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Tactical Talk: Joe the Cop
For just over a year, Joe the Cop has been writing about Windy City crime for ChicagoNow, a blogging site affiliated with the Chicago Tribune. His blog Arresting Tales has had a fairly under-the-radar existence garnering a handful of comments per post. Well, that all changed earlier this week.
That’s when Frank Sennett, the editor-in-chief and president of TimeOut Chicago, called Joe’s most recent post a racist rant. Sennett tweeted 100 times about Joe’s post, which outlined a “ghetto shooting template.”
Before the finger-pointing firestorm, Joe took a few minutes away from his own blog to answer questions for ours. Little did he know just days later he would be lambasted by the head honcho of a local publication.
For now, the detective sergeant is taking a break from the keyboard. “If the pressure keeps up, I can see ChicagoNow dumping my blog,” he wrote to us via e-mail.
When did you start blogging?
My teenage kids encouraged me to start a personal blog in 2006. I’ve always been a talker, so I had fun with it. I really kind of miss it because I spend much more time now on Arresting Tales.
How did you get hooked up with ChicagoNow?
I met Bill Adee from the Chicago Tribune through a mutual friend, and he told me he was interested in having a police-related blog on ChicagoNow. I feel really lucky that I was one of the first 20 or 30 blogs on a site that now features more than 300.
Your blog isn’t anonymous, correct? Or is it somewhat anonymous?
I refer to myself half-jokingly as a “semi-anonymous” blogger. Chicago has an outstanding police blog called Second City Cop; they are anonymous, and it’s easy to see why.
I don’t think I need that kind of anonymity, since I’m not really writing about internal issues in my own department or some of truly sensitive topics that SCC addresses. My blog is aimed more at civilians than it is at other officers. I’ve been lucky enough to go on the air at WGN radio a few times, and I’m a pretty regular guest on ChicagoNow Radio on WGN Saturday mornings. There are plenty of people who know who I am, but I still like to preserve some privacy.
What steps did you have to go through to get clearance to blog?
Another reason I say I’m a semi-anonymous blogger is that my boss and my chief know I write Arresting Tales. Before I started, I sat down with them and explained what I was doing.
A lot of law enforcement administrators still equate the word “blog” with “anonymous forum for griping on the Internet.” I made sure to explain that I would have a disclaimer that my opinions were my own and most definitely not my department’s—just in case anyone did make the connection at some point.
My coworkers have been really supportive, too; they’re always giving me story ideas and emailing me links to weird crime stories.
Some people aren’t exactly friendly in the comments section—calling you a pothead among other things. What do you have to say to those folks?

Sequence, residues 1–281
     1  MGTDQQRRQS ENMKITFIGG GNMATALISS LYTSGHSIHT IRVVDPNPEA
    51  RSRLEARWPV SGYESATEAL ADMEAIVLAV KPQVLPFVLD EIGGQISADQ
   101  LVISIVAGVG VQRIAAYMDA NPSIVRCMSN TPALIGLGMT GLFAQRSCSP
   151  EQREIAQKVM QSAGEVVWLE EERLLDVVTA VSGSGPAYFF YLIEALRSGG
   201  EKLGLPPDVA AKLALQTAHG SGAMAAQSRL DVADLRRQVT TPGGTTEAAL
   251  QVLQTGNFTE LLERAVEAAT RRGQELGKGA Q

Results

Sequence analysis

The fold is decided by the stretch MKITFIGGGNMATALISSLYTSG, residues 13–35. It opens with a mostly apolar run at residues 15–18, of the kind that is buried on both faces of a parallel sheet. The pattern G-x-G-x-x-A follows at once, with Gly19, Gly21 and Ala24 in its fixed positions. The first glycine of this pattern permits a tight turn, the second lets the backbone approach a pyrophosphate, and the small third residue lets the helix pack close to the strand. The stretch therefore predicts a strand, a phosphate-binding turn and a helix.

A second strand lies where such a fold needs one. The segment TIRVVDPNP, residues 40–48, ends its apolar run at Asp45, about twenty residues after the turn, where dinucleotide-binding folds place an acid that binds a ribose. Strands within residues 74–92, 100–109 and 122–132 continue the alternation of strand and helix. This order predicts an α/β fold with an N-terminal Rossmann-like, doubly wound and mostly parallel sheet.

I’d be in the wrong line of work if I didn’t have thick skin. I always respond to comments respectfully, and most people do keep it fairly civil. The pothead comment was absurd—it made me wonder if the commenter realized he was reading a cop blog. One of my regular readers pointed out that particular commenter seems to roam the Internets, commenting on dozens of marijuana stories.
Which brings me to one of the best things about blogging—the regular readers and commenters. There have been occasions when some troll tries to start up with me, and before I can respond, one of the regular readers pipes up with a reply better than I would’ve come up with. Most recently I got called a racist, and I’m kind of surprised it took more than a year for that to happen.
Surprisingly, I’ve only had to delete a half-dozen or so comments over the last year.
You have a feature called “Ask a Cop.” What’s the most ridiculous question you’ve encountered? Are there any questions that you won’t answer?
I’m a little embarrassed that I don’t do that feature nearly as often as I should. I’ve used a few of the e-mails I’ve gotten for posts; a lot of them are actually from people asking very specific questions about specific people or situations, and I don’t think those would translate well into blog posts. Or there are privacy issues. That’s happened too.
I get some snotty questions sometimes, asking things like why Chicago cops are “always shooting people in the back.” I won’t dignify those. Although, I did once do a post titled “Why we shoot people in the back.”
How does blogging about your profession help? What can other law officers learn from Arresting Tales?
I’ve always liked talking to non-cops about the job. I’ve been an instructor at our Citizen Police Academy since it started, and I’ve done presentations for community groups over the years. I view blogging as an extension of that.
The act of explaining issues to non-cops—things like why and how cops use force—makes me examine those things more seriously and think some of my own beliefs through more thoroughly than I used to. Hopefully, brother and sister officers might read a post and feel a little bit validated, like “oh, yeah, I’ve seen that, too”. They might see something I’ve written, and if it comes time to explain what they do to someone who’s not a cop, it might help.
I like telling stories, and I like entertaining people.
What do you think should happen to Arresting Tales? Should Joe the Cop continue to blog on ChicagoNow?